"Responsible investment is looking at risks that are embedded in companies and particular industries that play out over time," he said.
"If you're a long-term investor and you look at making decisions to mitigate against those risks, then you need to be patient and not expect there's going to be a seismic shift in the next year... what you're saying is ‘I want to modify the portfolio now to protect members from one of these event when they will occur', as inevitably they will."
Coal and tobacco going up in smoke
While coal and tobacco companies are still performing adequately, Lambert said LGS had moved to ditch companies that have exposures to both products due to ESG concerns.
"No one is saying that the world we live in today doesn't need coal," he said.
"But what people are saying is in the future, as governments are forced to act to mitigate against climate change, their focus will be on carbon, as carbon being the key contributor to climate change.
"And from there you look at the main producers of carbon and coal is carbon intensive, and therefore you're just playing out a theme; how it's not an attack on coal per say, it's simply saying that climate change is real and governments will have to do something to mitigate against climate change or the impacts will be irreparable.
"And when you look at who is going to be in the spotlight, you cannot avoid the fact that coal is seen to be a significant contributor of carbon emissions."
Those reasons have pushed LGS to divest their holdings in coal producers, and Lambert believes other funds will follow, if not for environmental reasons, then because of the anticipated actions of governments against carbon producers.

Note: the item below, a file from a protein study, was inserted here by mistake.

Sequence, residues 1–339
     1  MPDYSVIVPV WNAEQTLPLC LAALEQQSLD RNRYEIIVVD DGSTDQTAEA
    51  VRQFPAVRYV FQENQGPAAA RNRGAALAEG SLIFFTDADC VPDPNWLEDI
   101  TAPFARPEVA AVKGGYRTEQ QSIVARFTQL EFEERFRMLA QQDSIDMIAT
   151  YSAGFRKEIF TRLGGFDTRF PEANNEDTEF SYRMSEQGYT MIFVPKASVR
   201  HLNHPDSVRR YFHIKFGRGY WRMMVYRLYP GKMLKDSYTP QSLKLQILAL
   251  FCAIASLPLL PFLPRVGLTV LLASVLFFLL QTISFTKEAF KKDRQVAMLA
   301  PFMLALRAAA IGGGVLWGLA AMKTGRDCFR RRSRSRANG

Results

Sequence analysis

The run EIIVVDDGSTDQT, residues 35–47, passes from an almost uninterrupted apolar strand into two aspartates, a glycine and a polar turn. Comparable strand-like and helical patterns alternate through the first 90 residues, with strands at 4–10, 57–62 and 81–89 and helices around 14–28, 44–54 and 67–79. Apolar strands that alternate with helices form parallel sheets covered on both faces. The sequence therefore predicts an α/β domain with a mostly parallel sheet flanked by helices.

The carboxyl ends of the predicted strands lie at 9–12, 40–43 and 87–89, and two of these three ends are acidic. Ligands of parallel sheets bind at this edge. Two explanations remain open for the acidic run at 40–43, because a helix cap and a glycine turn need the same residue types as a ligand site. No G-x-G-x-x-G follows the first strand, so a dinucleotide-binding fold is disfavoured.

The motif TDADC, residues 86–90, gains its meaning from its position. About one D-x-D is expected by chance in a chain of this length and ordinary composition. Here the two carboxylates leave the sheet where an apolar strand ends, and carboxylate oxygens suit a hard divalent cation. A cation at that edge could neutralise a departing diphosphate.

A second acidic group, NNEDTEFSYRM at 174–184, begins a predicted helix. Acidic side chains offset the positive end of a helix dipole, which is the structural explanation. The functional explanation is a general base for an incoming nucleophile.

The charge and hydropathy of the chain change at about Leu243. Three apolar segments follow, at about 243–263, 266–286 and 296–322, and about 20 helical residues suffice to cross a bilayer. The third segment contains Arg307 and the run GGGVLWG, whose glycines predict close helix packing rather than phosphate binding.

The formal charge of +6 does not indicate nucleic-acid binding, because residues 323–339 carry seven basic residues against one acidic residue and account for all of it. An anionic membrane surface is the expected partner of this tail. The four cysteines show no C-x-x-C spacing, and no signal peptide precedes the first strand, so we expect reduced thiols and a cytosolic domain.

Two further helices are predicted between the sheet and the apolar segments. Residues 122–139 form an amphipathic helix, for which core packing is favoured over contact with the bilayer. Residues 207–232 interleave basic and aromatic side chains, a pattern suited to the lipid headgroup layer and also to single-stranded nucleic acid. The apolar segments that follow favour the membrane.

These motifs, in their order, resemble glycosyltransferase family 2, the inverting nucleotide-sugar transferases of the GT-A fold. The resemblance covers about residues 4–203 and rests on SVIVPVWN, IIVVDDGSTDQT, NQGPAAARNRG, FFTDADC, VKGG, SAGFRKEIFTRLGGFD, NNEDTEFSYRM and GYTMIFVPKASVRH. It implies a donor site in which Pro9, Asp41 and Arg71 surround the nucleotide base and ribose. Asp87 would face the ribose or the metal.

"We were the first fund in 2000 to restrict tobacco in our investment holdings and it really took another 10 years before any other fund decided to take a similar approach, and now it's not an uncommon thing to find," he said.
"We were the first fund now to divest coal from our portfolio; now I can't see this taking 10 years before it becomes fairly commonplace."
Writing's on the wall
For Good Super's MacLeod, the writing is on the wall for those who invest in coal going forward.
"Even BHP Billiton has said they're not going to develop new coal mines", he said.
"So if you're a superannuation fund with long-term patient capital, you can either say ‘I'm not going to invest in coal because I ethically don't like it,' or you can say ‘I'm not going to invest in coal, because over the long-term it make absolutely no sense'".
With evidence mounting in support of responsible investment strategies, RIAA's O'Connor said 80 per cent of superannuation trustees believed ESG fits with their fiduciary duties or "to not consider ESG would be a breach of fiduciary duties".
"What we're starting to see is the institutions, the big asset owners, are starting to demand a deeper understanding, and more rigorous approach to ESG," he said.
AB chief investment officer, Roy Maslen, agreed that responsible investment principals were integral to a funds management business.
"As a fiduciary, we have an obligation to manage client assets in accordance with the objectives and risk tolerances specified by each client," he said.
"Typically, these objectives are to maximise the financial return of their portfolios within approximate risk parameters. With this in mind, we consider ESG factors within the context of the risks [and opportunities] they may represent in investments."
Read part two of Nicholas O'Donoghue's report: E’s not just for environment in ESG investing